Sold: One of the world’s oldest names

A clay tablet inscribed with one of the first known proper names in history sold at auction last month for £175,000 ($229,000). The 3×3-inch baked clay tablet dates to around 3100 B.C. and is engraved in the archaic Sumerian pictographic script dubbed Uruk III. It was kept in the archive of the Temple of Inanna in Uruk in what is now southern Iraq, one of 77 pictographic tablets found there that were written by the same hand.

The Kushim Tablet, baked clay, pictographic script Uruk III, ca. 3100 B.C. Photo courtesy Bloomsbury Auctions.The topic of this administrative record is beer production. The pictograms take the reader through the process, starting with a sheaf of barley on the center bottom of the tablet. To its left is a brick building with a chimney (the brewery). To its left is a sheaf again now inside a vessel. The dots and lines are numbers which reveal the impressive scale of this business: 29,086 measures barley over 37 months were to be delivered to the temple. Taking receipt of the beer was one Kushim, represented by the symbols “KU” and “SIM” written in the upper left above the vessel with the barley sheaf.

There has been some scholarly debate over whether Kushim was a title rather than a proper name, but Kushim’s name appears on 17 other tablets, and some of those instances include the title “Sanga,” meaning temple administrator. So not only is Kushim one of the world’s first personal names written more than 5,000 years ago, but it might even be a signature as Kushim recorded his duties as administrator at the Temple of Inanna.

The tablet was most recently part of the epic Schøyen Collection, the largest private collection of writing materials in the world spanning 5,000 years of history. Norwegian shipping heir Martin Schøyen has been selling some of his collection over the past few years, and this very special lot was part of a selection on The History of Western Script sold by Bloomsbury Auctions in London in celebration of Schøyen’s 80th birthday.

It first emerged on the record in the 1950s when it was acquired by renown antiquities collector of Hans Erlenmeyer. The Erlenmeyer antiquities were sold at auction in 1988.  It was the Erlenmeyer sale with its collection of 78 5,000-year-old pictographic clay tablets that sparked Schøyen’s interest in adding archaeological primary sources to his collection. He was only able to acquire two of the tablets at the auction itself, but in subsequent years he collected whole groups of pictographic and cuneiform tablets. Schøyen acquired the Kushim Tablet in 1993 from Quaritch, rare book dealers who had bought it at the 1988 auction.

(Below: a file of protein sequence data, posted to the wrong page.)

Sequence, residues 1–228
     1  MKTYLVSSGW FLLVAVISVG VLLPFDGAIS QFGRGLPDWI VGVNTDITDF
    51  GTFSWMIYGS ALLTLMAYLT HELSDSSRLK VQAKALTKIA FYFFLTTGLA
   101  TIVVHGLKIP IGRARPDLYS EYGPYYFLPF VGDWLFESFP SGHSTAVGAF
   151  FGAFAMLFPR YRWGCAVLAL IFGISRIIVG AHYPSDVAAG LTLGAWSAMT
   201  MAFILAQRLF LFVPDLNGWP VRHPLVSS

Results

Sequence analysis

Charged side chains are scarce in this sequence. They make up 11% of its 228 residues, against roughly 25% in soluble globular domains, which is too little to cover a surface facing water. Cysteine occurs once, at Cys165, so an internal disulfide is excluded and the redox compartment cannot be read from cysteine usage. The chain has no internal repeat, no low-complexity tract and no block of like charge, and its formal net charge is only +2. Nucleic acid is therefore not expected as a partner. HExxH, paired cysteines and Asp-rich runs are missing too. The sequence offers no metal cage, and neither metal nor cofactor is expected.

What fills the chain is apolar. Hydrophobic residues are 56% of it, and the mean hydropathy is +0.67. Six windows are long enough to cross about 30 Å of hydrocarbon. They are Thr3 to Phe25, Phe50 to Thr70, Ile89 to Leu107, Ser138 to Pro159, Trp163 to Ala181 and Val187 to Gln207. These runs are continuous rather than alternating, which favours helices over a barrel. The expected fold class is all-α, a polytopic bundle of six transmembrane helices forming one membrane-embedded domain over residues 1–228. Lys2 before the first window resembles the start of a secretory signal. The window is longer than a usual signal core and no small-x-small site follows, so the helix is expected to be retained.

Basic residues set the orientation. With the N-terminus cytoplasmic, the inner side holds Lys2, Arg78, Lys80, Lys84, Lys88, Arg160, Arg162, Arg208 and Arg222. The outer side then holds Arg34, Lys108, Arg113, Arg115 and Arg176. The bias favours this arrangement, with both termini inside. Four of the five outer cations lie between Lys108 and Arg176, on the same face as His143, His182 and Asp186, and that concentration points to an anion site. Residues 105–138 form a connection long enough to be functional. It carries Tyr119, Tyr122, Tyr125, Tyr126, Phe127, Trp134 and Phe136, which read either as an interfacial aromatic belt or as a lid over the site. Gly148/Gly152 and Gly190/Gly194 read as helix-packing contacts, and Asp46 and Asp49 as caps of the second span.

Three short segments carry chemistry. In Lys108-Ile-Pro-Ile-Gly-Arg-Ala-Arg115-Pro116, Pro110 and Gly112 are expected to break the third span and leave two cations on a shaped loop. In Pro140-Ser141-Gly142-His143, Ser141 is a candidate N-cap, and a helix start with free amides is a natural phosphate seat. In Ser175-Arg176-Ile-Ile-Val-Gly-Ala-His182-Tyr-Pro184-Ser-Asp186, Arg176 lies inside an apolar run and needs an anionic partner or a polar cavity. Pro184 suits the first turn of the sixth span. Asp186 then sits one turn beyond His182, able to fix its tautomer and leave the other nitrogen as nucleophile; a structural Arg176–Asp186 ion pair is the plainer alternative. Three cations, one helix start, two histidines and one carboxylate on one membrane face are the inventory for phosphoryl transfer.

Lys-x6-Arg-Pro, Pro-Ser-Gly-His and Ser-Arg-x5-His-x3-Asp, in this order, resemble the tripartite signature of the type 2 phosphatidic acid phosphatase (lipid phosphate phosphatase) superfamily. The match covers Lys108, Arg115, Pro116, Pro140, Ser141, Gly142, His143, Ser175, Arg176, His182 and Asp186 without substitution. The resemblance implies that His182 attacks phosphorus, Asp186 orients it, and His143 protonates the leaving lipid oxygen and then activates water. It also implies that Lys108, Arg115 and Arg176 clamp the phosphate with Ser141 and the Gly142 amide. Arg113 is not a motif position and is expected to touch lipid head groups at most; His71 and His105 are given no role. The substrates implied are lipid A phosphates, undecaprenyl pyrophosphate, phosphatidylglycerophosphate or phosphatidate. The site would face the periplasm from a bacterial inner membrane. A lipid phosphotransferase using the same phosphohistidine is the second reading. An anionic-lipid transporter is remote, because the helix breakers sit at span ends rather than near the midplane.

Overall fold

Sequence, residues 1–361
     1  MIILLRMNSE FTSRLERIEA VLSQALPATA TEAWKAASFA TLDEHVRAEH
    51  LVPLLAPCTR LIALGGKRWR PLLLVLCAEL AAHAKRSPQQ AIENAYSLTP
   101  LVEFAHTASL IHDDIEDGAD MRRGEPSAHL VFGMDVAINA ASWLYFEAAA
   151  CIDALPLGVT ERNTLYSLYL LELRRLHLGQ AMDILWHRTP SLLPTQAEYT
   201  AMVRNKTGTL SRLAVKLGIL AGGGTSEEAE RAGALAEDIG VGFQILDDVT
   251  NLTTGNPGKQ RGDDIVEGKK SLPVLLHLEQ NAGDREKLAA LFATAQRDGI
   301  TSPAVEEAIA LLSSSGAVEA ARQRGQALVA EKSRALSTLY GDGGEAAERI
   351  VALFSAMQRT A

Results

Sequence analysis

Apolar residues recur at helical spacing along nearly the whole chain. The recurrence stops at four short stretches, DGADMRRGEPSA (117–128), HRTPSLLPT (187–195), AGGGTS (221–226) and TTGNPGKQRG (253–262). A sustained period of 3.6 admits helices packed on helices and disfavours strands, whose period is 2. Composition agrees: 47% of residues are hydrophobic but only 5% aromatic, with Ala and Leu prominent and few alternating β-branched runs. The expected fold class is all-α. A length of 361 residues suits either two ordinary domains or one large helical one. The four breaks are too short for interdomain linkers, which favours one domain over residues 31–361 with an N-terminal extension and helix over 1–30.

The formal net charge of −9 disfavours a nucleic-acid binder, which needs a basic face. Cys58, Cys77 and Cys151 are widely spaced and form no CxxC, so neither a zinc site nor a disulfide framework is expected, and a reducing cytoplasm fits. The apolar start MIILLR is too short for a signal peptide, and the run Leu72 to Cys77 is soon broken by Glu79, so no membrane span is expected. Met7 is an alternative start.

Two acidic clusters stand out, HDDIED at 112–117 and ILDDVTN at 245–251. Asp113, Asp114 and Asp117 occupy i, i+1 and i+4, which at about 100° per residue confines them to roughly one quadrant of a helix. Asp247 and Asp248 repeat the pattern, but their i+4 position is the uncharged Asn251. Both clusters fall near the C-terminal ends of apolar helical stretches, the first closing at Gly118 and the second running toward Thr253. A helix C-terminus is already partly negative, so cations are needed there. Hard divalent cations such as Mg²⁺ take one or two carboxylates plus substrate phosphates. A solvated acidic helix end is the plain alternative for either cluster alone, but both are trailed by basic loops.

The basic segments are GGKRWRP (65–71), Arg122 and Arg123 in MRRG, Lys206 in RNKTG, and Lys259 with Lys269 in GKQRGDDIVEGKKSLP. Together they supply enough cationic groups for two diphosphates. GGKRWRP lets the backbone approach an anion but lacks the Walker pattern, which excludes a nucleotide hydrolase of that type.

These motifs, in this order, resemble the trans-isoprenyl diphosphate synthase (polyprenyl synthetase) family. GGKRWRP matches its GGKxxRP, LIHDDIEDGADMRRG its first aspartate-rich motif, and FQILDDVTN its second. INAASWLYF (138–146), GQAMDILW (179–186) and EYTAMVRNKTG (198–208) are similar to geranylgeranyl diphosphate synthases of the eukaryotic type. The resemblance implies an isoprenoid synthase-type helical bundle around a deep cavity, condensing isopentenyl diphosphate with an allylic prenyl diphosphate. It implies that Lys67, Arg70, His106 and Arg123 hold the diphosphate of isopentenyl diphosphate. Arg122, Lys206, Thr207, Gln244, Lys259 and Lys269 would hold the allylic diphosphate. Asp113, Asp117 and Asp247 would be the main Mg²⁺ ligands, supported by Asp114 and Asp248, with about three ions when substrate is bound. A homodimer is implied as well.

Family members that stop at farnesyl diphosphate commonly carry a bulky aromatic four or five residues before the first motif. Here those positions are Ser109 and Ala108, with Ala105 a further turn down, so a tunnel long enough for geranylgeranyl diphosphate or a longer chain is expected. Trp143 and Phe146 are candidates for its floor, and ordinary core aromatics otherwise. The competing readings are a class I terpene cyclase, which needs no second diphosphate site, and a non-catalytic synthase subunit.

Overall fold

The rest of the 77 pictographic tablets from Uruk that were written by the same hand, possibly Kushim himself, are all in institutions — the Freie Universität Berlin collection, the British Museum, the Metropolitan Museum of Art, the Louvre. The Kushim Tablet is the greatest gem among the group and the only one of the 17 mentioning Kushim that was in private hands. It was bought by an anonymous US private collector.

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Comment by Anne
2020-08-20 08:02:09

For the Religion or not, to drink water can be very dangerous and should not be taken lightly :ohnoes:

In case “Kushim” really took receipt of the barley, and indeed not of the beer, it is probably fair to assume that he was the brewer. Beer in general, however, is either brewed at home, in (more or less) public brewhouses or, of course, in the Temple –i.e. over here, very often monasteries. “37 months”, on the other hand, are more than 3 full years, or in other words quite a lot of “Kushim”.

Rather unsure, how it was done 5000 years ago, “Zoigl” from the region Upper Palatinate in Eastern Bavaria, between Franconia and the Czech Republik, is beeing brewed in public brewhouses. The wort is then brought to the brewer’s private cellars, where the fermentation with bottom fermenting yeast and the lagering of the beer takes place.

To give another example, ‘Göbekli Tepe’ in Anatolia is a temple dating to circa 10,000 BC, and according to Dietrich et al., in: “The role of cult and feasting in the emergence of Neolithic communities. New evidence from Goebekli Tepe”, Antiquity 86, 2012, p. 687–689:

————
“Chemical analysis was recently conducted also on a group of large limestone basins from Göbekli Tepe. Six barrel- and trough-like vessels have been found []. Due to their size and capacities of up to 160 liters they are static, integral parts of particular rooms []. Some of them show grayish-black residues adhering to the lower parts of the vessels. First results show probable evidence of oxalate for some samples []. Oxalate develops during the steeping, mashing and fermentation of cereals [] and can indicate the production of malt and beer.”
————

 
Comment by Dr. E
2020-08-20 10:41:55

So is it the earliest depiction of a brewery?

 
Comment by Trevor
2020-08-20 10:47:49

The brewery only lacks a curly whiff of smoke from the chimney, and it would look like any child’s picture of home ;)

 
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